It follows, moreover, that the crucial issue is not whether approaches to law and the Constitution rely upon a conception of political morality and the common good—all inevitably do—but rather the character of the political morality and common good to which rival jurisprudential schools inescapably make appeal. Vermeule’s constitutionalism is distinguished by the comprehensiveness of his conception of the common good, a conception that is by no means the most compelling interpretation of the implications of the classical legal tradition for understanding American constitutional government. Indeed, the principal shortcoming of his welcome attention to the premodern dimensions of the American tradition is not that he takes too seriously the common good and the political morality inhering in American constitutional government but that he does not take them seriously enough.
The classical legal tradition is an offspring of Aristotelian political science. In the Politics, Aristotle explains the importance of the regime—the structure of the polity’s authoritative offices and the principles toward which it is ordered. Prudent politics depends on grasping not only the best regime and its supreme standards but also the defining features of the actual imperfect regimes under which most people live most of the time. The American regime—unknown to Aristotle as well as to Aquinas—is, as Lincoln affirmed at Gettysburg, "conceived in liberty, and dedicated to the proposition that all men are created equal." It is a regime for which the common good revolves around securing basic rights and which primarily relies on citizens, their families, and the voluntary associations they form in civil society to cultivate the virtues on which freedom depends. In contrast, in the regime that Vermeule contemplates—and toward the realization of which he labors—government, in light of the common good, commands through law the practice of virtue and, where advantageous, permits freedom.
Aristotelian political science directs attention to the political science characteristic of particular regimes. In Federalist 9, Hamilton explains to "enlightened friends to liberty" that the constitution proposed by the Philadelphia convention was based on a "science of politics" that "has received great improvement." This new political science both draws on the classical tradition and breaks with it. It protects freedom through a variety of structural innovations that check, balance, and refine the exercise of power. It provides, as Madison observes in Federalist 10, "a republican remedy for the diseases most incident to republican government." Not the least of the diseases is the propensity of elected and appointed officials to abuse the limited power the people grant them, both for selfish purposes and out of the righteous belief that government must coerce citizens to be good.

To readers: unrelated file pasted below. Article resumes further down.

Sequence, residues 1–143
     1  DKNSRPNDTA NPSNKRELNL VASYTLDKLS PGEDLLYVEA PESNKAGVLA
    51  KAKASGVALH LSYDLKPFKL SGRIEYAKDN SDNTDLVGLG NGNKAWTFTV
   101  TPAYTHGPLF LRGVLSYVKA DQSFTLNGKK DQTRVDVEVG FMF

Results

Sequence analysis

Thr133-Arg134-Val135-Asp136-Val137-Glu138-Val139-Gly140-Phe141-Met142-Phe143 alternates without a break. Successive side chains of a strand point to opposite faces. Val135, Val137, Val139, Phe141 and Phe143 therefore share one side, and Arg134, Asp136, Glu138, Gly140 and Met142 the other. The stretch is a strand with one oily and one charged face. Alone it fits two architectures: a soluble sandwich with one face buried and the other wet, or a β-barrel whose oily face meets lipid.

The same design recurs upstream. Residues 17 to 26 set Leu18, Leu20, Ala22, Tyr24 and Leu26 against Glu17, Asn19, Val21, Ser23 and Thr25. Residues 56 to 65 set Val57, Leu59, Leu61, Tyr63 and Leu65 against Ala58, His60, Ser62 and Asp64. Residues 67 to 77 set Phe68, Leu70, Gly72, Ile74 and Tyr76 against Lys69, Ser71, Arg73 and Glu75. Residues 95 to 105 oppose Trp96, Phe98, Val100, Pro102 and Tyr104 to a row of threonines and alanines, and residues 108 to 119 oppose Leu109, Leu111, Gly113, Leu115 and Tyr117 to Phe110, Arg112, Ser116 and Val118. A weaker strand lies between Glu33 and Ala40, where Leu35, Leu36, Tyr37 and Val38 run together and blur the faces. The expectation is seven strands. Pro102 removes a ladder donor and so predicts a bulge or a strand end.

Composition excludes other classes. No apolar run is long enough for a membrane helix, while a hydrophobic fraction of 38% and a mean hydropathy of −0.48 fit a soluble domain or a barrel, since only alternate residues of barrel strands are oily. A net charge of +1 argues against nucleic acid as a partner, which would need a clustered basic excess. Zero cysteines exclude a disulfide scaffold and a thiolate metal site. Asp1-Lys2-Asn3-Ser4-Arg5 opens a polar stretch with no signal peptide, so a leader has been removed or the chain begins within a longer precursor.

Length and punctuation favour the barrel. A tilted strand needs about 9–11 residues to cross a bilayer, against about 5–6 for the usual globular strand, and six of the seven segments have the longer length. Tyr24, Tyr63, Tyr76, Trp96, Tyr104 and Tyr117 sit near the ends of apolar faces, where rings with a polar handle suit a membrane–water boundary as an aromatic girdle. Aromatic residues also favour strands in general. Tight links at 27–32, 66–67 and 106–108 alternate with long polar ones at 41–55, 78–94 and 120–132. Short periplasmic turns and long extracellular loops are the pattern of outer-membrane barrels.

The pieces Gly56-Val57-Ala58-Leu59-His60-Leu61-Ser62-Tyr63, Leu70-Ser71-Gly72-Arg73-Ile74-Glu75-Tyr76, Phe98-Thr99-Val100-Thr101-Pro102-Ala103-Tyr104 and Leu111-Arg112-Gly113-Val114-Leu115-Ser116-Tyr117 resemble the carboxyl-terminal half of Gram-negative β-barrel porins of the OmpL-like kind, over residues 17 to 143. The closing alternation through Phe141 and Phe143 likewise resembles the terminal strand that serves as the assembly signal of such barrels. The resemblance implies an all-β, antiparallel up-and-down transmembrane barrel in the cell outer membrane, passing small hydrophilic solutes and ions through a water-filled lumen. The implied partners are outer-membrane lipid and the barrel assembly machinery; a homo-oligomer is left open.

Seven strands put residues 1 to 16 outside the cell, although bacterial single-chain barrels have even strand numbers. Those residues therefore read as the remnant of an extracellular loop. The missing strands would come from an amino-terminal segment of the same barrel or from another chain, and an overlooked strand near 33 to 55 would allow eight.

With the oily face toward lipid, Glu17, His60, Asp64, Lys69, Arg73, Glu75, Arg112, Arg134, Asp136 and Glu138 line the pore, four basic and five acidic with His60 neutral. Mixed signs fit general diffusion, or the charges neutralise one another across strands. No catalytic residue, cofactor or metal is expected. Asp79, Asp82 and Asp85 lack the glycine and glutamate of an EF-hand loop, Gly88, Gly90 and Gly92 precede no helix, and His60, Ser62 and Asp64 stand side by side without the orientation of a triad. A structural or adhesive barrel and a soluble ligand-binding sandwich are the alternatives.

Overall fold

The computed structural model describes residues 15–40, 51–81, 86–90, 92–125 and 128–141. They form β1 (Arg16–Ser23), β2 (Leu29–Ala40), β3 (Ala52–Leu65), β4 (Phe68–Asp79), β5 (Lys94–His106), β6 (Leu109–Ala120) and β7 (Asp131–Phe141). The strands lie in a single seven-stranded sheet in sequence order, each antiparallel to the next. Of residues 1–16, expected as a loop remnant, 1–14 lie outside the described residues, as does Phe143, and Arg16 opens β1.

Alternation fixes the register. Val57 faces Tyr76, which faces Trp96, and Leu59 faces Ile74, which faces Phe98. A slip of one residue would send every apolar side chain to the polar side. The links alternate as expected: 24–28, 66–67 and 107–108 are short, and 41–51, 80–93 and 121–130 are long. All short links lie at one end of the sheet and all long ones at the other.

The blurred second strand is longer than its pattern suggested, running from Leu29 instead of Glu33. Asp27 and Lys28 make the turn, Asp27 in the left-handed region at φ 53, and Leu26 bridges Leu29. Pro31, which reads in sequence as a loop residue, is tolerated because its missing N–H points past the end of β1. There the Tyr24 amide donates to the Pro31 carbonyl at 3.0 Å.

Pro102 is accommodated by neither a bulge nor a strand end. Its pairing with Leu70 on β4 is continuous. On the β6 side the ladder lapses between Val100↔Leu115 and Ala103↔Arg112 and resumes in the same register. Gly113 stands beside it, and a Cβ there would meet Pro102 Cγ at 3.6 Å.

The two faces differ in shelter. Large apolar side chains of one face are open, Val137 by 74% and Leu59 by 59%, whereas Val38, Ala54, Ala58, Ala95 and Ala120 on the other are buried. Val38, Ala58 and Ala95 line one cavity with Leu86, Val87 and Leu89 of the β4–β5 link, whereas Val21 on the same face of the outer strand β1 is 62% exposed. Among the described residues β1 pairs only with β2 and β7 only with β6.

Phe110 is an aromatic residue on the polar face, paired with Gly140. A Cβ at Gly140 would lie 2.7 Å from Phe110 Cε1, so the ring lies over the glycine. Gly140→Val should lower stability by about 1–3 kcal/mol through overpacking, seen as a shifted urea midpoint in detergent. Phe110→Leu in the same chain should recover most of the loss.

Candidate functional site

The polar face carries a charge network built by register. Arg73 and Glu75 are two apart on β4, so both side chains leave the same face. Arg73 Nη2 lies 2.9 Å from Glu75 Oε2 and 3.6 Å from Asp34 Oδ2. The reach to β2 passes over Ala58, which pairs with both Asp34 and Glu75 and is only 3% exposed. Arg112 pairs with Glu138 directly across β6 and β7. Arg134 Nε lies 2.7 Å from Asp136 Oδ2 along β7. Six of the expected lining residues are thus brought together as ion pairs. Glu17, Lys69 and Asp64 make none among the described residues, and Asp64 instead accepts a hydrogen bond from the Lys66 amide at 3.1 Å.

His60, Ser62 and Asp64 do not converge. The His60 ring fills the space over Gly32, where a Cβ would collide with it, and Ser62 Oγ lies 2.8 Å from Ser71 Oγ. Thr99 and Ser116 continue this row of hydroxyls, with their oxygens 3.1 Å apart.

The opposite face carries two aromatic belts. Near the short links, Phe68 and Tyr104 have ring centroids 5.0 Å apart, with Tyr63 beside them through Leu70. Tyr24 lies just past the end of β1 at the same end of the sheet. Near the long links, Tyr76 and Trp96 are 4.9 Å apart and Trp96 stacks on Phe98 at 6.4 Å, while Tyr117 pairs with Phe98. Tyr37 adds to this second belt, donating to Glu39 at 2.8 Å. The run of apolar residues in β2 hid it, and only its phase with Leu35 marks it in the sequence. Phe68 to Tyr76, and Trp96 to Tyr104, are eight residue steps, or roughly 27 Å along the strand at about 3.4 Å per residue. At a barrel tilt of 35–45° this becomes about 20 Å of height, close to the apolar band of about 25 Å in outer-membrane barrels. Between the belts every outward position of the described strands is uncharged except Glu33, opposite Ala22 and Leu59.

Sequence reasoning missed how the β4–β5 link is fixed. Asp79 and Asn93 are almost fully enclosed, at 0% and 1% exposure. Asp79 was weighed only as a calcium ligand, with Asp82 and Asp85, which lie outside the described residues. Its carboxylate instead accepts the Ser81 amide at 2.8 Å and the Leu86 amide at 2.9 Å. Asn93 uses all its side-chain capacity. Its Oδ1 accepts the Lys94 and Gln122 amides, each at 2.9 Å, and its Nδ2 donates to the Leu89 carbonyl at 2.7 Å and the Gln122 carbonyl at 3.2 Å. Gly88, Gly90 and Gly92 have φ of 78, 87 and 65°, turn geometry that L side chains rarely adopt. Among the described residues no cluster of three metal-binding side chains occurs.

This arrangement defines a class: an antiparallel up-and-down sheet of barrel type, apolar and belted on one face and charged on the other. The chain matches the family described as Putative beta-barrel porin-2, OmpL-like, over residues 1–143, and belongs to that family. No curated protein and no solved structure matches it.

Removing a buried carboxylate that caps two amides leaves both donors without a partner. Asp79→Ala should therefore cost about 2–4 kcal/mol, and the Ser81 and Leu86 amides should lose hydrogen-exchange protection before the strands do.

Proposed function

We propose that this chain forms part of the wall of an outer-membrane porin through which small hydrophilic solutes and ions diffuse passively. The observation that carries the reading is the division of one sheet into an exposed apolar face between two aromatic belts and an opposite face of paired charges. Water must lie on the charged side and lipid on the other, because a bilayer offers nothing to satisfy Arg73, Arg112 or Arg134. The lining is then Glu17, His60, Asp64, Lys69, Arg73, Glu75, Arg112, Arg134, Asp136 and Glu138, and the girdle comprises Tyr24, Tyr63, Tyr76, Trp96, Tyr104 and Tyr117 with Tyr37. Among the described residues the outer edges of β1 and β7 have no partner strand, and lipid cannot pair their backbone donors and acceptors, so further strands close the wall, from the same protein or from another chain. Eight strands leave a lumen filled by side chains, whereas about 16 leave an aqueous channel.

By limiting the common political good in the name of the individual rights shared equally by all, Madisonian constitutionalism establishes a governing framework that enables those citizens dedicated to the natural law—and all other citizens—to raise families; build communities; develop their talents; pursue their personal ambitions; engage in democratic politics; and, consistent with a like freedom for others, strive to attain the highest ethical and religious good.
Common Good Constitutionalism
by Adrian Vermeule
Polity, 270 pp., $17.95 (paperback)
Peter Berkowitz is the Tad and Dianne Taube senior fellow at the Hoover Institution, Stanford University. From 2019 to 2021, he served as director of the Policy Planning Staff at the U.S. State Department. His writings are posted at PeterBerkowitz.com and he can be followed on Twitter @BerkowitzPeter.